Six Nam Refugees Return Home

ONLY six out of 17 expected Namibian refugees returned home from Botswana on Thursday.

“It seems 11 refugees changed their minds in the process,” Namibia’s Commissioner for Refugees, Nkrumah Mushelenga told Nampa immediately after a ceremony to welcome the refugees at the Ngoma border post in the Zambezi Region.

A similar decrease in returning refugees was experienced last year when 16 were expected, but only six arrived.

“These negative trends deserve serious analysis and consideration,” charged Mushelenga.

The six Namibian refugees, four men and two women, were received by Namibian government officials, including Zambezi Regional Governor Lawrence Sampofu and their family members at the Ngoma border post.

They were brought into Namibia by Botswana government officials with their belongings such as motor-vehicles and household items.

Upon arrival, family members ululated and cried as they hugged their loved ones.

“God is great. I believe in God. Everything has its time. Everything happens for a reason,” said returnee Hilda Sizimbo, adding that she was homesick.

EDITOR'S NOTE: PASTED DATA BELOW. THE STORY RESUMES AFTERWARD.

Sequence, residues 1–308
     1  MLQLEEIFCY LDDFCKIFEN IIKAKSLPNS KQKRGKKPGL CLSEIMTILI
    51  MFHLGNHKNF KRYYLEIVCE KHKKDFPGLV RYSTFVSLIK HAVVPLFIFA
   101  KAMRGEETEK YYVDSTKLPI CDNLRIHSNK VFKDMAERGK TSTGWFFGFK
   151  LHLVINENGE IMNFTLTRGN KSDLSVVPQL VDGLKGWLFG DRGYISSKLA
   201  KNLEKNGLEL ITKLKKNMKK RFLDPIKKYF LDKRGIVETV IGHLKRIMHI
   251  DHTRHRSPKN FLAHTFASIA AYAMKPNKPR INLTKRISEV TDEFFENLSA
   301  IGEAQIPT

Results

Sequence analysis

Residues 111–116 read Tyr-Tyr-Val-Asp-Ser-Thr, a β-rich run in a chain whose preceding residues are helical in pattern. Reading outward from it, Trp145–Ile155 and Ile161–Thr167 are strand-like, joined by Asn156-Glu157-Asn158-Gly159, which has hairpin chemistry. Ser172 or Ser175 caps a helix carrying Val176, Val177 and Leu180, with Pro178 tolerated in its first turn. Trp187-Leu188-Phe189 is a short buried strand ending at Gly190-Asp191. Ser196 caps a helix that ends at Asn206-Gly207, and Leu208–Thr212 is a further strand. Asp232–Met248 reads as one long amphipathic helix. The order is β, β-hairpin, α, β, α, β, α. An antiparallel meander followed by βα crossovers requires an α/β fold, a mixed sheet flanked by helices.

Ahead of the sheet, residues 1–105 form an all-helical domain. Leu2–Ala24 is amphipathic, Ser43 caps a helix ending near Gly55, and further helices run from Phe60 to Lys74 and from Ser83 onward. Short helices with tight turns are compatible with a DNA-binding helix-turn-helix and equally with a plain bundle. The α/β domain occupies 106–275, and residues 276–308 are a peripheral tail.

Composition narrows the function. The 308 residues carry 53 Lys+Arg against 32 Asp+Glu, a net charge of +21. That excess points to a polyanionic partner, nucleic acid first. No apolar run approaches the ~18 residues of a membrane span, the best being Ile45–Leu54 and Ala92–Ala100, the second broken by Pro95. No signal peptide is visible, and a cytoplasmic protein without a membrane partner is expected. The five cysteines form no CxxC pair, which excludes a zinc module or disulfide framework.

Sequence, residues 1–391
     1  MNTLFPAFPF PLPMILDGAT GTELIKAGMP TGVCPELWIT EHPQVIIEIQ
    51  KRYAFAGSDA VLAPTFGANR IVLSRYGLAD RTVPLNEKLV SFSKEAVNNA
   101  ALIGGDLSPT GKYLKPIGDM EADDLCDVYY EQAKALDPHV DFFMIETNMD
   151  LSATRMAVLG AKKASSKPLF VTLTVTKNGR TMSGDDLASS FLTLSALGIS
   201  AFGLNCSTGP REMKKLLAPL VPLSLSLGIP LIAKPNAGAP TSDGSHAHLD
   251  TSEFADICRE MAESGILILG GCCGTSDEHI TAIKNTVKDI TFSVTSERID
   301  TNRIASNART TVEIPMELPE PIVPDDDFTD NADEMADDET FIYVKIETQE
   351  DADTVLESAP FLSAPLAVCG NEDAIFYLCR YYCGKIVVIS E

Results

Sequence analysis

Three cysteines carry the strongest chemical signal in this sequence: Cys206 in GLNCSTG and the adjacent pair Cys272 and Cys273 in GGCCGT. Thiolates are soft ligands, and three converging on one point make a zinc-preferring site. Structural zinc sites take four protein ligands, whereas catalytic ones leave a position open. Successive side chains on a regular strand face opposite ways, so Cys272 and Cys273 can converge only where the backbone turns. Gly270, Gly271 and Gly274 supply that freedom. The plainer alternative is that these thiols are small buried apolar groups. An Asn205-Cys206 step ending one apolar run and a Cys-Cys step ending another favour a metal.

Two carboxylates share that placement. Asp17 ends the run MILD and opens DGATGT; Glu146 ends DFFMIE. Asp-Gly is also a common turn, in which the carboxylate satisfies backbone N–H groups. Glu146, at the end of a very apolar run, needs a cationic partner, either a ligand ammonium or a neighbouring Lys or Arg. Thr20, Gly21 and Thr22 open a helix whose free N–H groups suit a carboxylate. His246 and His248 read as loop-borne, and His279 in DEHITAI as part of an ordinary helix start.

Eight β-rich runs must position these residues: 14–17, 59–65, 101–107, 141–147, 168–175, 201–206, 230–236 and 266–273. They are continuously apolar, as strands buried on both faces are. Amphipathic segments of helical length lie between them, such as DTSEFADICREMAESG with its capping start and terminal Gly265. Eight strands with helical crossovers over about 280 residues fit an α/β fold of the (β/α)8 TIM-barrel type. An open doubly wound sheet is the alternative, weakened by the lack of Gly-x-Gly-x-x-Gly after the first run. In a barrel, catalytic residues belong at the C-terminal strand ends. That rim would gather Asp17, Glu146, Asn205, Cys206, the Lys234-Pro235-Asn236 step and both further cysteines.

She is a teacher by profession.

“I was teaching and living a normal life there. I can say Botswana is a country to live in, but what I can also tell you is that home is home,” added an emotional Sizimbo.

Three of the returnees are Sizimbo’s children.

She commended the government of Botswana for the hospitality they received during their stay.

The returnees were registered to allow them to receive education, health services and national documents such as birth certificates before they were escorted to their respective constituencies for reintegration purposes.

Mushelenga called upon the returnees to make themselves comfortable in the land of their birth.

“Your country is yearning for your skills and experiences, your innovations and creativeness to add value to socio-economic development for the benefit of the people of this country in particular, and the Southern African Development Community (SADC) region in general,” he noted.

Mushelenga then encouraged the more than 900 Namibians remaining in the Dukwi refugee camp in Botswana to take full aantag of the United Nations High Commission for Refugees’ (UNCHR)-supervised voluntary repatriation processes.

He said it is the most transparent, accountable and durable solution to avoiding the unsustainable, protracted refugee situation. – Nampa

Source : The Namibian